A woman came up to me after a talk about gender differences and asked, “My husband and I were watching that new Tom Hanks movie, Bridge of Spies, and near the end I looked over and my husband was crying! I mean, it’s great that Tom Hanks saved the day, but why on earth would that make my husband cry?”
I knew exactly what scene she meant because I too had looked over and seen tears sparkling in Jeff’s eyes, and I’ve heard that same story from others. The man in your life likely felt the same way — whether or not he showed it. And the reason provides a vital glimpse into your man’s inner life:
What’s the scene and why does it impact men so much? [Spoiler alert!]
In the movie (a true story), Tom Hanks plays James Donovan, a Cold-War era insurance attorney tapped by the government to represent a Soviet spy. Unlike the U.S.S.R’s kangaroo-court trial for crashed U.S. pilot Francis Gary Powers, the U.S. gives even their enemies due process. Unfortunately, the American public is not so tolerant. Donovan and his family are reviled, and his wife is not happy. So she is not very supportive. Unbeknownst to her, Donovan is then asked to secretly travel to East Berlin to negotiate a prisoner exchange: we hand over the spy if they give us the U.S. pilot. Donovan agrees, braving great danger to both serve his country and restore his family’s reputation.
Minutes after he arrives home and collapses into bed, his family is shocked to see the breaking news that the famous U.S. pilot is freed – and that Donovan is responsible. His wife softly comes upstairs and stares in wonder at her unconscious husband.
And that is where men find tears in their eyes. Why?
1. He deeply wants to do the right thing.
Men want to be great husbands. They want to be great dads. Or great patriots. Or great negotiators. And they sure look confident, but the whole time they are working hard to do the right thing, they secretly worry about measuring up. The attitude and actions of Donovan in the movie were an exact parallel to how men feel every day: he projected a calm, competent demeanor, all the while certain that someone was going to figure out that he had no idea what he was doing.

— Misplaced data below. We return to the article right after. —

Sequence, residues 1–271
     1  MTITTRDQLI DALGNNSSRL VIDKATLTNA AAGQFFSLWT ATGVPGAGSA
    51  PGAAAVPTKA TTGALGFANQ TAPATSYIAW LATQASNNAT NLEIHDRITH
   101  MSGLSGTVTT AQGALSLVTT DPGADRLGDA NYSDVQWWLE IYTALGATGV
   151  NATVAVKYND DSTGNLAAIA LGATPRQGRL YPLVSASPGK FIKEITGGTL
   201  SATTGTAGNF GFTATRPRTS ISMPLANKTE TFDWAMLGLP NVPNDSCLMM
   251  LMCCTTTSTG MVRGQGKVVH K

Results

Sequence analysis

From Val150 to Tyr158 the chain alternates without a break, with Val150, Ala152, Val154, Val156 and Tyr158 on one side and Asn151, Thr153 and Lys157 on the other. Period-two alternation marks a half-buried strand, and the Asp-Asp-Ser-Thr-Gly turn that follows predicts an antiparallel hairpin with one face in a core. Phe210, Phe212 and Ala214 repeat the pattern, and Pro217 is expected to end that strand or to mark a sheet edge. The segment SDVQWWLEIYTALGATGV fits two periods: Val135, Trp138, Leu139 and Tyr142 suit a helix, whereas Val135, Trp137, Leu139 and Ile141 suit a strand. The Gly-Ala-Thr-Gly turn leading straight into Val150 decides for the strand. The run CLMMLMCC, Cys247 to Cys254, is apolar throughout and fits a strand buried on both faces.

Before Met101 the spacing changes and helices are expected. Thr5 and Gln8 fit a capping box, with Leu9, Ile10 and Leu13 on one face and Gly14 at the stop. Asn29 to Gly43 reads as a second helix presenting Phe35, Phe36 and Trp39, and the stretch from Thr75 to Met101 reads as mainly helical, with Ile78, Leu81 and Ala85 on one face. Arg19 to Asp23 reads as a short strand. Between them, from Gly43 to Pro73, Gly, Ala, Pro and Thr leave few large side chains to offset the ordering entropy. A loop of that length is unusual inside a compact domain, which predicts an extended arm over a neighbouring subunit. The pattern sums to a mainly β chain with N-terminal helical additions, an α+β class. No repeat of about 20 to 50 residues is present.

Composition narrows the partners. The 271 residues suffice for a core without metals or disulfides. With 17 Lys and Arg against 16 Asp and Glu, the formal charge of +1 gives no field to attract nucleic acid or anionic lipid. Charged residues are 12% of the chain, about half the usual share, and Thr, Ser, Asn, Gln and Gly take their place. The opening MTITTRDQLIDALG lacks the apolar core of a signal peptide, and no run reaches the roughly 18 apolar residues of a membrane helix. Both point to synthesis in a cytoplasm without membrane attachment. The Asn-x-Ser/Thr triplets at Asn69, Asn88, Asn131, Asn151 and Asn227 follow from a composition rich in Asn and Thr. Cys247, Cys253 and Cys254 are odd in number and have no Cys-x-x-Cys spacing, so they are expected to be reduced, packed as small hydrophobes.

Because a man’s greatest emotional need is to feel competent and respected, this type of insecurity is unsettling and painful. A result, every man needs to know that the person who knows him best, believes in him absolutely.
Only in the case of Mrs. Donovan, she didn’t. Until that one moment.
2. His wife noticed that he did.
The sight of Mrs. Donovan staring in awe at her sleeping husband is deeply emotional for men. I asked one man the reason why, and he summarized it well:
“She finally saw what he did. She finally saw him as amazing. That is the way every man wants his wife to see him. That is why we do every single thing we do. That is why we go to an office every day, maybe at a job we don’t like. That is why we do the honey-do list. That is why we try to be supportive of our wives. We want our wife’s applause. We want her to reassure us that we are good at what we set out to do. Most of us would never have the nerve to say it out loud, but that is what we want. And in the movie, this guy had been trying and working and getting grief for his efforts. But suddenly her eyes were opened and without him having to say anything, she finally saw that he was this great man.”
Ladies, our men need to see that we believe in them like this. Yes, they will make mistakes. So will we! But we can still stand steadfastly by our man’s side regardless.
If we learn this truth we hold the key to our man’s heart… and to him becoming that great man he wants to be.
Wish Shaunti could speak at an event in your area? You can help! Forward this piece or others to a leader at your organization or church, with a note of recommendation. They can reach Shaunti at NDuncan@shaunti.com.
Shaunti Feldhahn is the best-selling author of eye-opening, research-based books about men, women and relationships, including For Women Only, For Men Only, the groundbreaking The Good News About Marriage, and her newest book, Through A Man’s Eyes. A Harvard-trained social researcher and popular speaker, her ﬁndings are regularly featured in media as diverse as The Today Show, Focus on the Family, and the New York Times. Visit www.shaunti.com for more.